[Interest] QFileSystemWatcher malfunctioning
Till Oliver Knoll
till.oliver.knoll at gmail.com
Sat Feb 4 16:40:00 CET 2012
Am 03.02.2012 um 01:04 schrieb "Scott Aron Bloom" <Scott.Bloom at onshorecs.com>:
> I have found with windows at least, its instantaneous. Essentially it
> sets up a blocking win32 call, that gets release and emits the signal...
> But it does take the event loop of the connected slots thread to be
... and the later is exactly my point: the underlying implementation can be threaded ("asynchronous") or polling - but in the end it goes through the Qt event queue, and if *your* code is not multi-threaded then there is no point in blocking the signals of QFileWatcher, since the signal would get delivered only *after* your method returns to the Qt event queue anyway (and at that point the mentioned instance of the "signal blocker" would have gone, not blocking anything anymore).
But even if the application code itself was multi-threaded there is no *guarantee* when the OS would actually inform your application. "Instantaneously" might not be fast enough: depending on how fast your method is terminating you might indeed successfully block the signal in 99.9% of all cases - making you wonder why in the other 0.1% your code still seems to think that another process had modified the file, when in fact it was *your* process.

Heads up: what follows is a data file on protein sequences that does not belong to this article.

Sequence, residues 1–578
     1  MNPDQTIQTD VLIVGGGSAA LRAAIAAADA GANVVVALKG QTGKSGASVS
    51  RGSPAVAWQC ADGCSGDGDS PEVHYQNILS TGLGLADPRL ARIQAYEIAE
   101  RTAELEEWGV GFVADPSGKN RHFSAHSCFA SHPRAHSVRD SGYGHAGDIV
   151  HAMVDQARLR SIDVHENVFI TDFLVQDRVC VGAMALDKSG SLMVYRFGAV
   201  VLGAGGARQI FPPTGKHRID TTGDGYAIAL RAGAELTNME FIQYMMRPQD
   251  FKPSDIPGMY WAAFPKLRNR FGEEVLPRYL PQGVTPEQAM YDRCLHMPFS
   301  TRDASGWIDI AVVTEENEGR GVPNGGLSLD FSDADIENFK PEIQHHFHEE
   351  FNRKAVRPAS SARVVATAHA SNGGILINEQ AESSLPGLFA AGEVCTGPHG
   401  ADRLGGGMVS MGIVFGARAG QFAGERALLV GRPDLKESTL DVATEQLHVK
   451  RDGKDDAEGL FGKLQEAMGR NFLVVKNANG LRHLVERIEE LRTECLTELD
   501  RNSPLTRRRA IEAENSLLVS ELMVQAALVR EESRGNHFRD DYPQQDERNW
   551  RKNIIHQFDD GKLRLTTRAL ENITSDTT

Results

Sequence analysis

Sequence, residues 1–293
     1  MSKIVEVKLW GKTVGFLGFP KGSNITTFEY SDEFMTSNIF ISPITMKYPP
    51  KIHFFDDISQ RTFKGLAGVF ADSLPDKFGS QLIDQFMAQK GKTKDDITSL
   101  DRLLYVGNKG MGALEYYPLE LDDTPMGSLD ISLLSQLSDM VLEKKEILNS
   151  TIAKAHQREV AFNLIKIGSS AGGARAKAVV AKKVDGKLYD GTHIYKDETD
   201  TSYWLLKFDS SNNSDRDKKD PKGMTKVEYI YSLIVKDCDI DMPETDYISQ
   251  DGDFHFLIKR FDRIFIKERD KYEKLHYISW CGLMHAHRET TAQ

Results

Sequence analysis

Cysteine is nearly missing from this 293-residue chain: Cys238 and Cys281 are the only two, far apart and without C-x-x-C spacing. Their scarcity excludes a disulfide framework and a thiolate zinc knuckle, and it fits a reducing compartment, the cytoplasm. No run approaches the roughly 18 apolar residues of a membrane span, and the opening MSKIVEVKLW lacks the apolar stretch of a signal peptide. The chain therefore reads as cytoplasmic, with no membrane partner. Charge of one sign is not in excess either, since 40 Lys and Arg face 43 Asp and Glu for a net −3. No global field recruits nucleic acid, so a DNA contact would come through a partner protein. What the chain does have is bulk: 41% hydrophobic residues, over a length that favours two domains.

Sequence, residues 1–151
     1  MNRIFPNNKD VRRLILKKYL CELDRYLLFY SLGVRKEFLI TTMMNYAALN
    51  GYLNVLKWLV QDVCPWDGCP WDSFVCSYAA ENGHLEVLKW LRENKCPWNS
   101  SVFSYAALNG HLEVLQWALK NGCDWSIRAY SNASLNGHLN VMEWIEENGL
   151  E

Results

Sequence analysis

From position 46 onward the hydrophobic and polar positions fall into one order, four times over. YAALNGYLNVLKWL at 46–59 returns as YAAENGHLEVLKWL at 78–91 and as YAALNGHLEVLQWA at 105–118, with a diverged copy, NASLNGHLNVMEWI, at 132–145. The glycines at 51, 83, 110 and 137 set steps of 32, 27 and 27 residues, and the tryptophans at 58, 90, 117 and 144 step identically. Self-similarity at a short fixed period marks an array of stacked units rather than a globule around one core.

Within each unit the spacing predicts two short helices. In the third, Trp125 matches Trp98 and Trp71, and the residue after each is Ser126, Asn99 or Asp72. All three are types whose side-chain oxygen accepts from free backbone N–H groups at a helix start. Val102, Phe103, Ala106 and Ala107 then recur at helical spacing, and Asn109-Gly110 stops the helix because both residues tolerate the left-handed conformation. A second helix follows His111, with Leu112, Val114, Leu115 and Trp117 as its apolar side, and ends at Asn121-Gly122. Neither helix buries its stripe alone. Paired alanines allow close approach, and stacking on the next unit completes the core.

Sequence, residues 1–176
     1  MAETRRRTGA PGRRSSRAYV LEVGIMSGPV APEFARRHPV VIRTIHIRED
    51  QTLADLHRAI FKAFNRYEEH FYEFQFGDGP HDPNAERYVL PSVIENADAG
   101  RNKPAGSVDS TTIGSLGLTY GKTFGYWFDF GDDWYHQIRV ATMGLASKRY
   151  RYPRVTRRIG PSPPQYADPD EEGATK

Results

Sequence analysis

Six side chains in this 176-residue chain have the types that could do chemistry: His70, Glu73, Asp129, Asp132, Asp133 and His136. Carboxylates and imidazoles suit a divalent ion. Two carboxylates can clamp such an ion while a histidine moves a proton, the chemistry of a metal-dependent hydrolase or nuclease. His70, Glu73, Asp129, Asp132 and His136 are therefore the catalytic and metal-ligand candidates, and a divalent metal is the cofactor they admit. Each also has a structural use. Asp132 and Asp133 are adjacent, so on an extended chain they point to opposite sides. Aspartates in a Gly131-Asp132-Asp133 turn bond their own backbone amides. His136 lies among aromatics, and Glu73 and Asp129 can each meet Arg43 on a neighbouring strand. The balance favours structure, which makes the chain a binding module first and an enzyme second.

And that off course still does not take into account that on some other platforms the underlying implementation might be polling, and that the polling intervall X might just be slightly larger than the time Y it takes your method to execute (and hence the signal blocker would "live"). And again that would leave you wondering "But my code works on Windows (by chance), but not on Foo OS!"
So if your requirement would be: "For the lifetime of that *method* I don't want to get informed when *I* change that file" then the signal blocker approach would work (taking any possible race conditions out of the equation for now).
For all other scenarios one has to apply application-specific measures, such as some MD5 checksum which has been mentioned several times by now (possibly together with some "file-locking mechanisms" which make the story even more interesting when we talk about files located on network-mapped drives - did I hear "cloud services" just now? ;))
More information about the Interest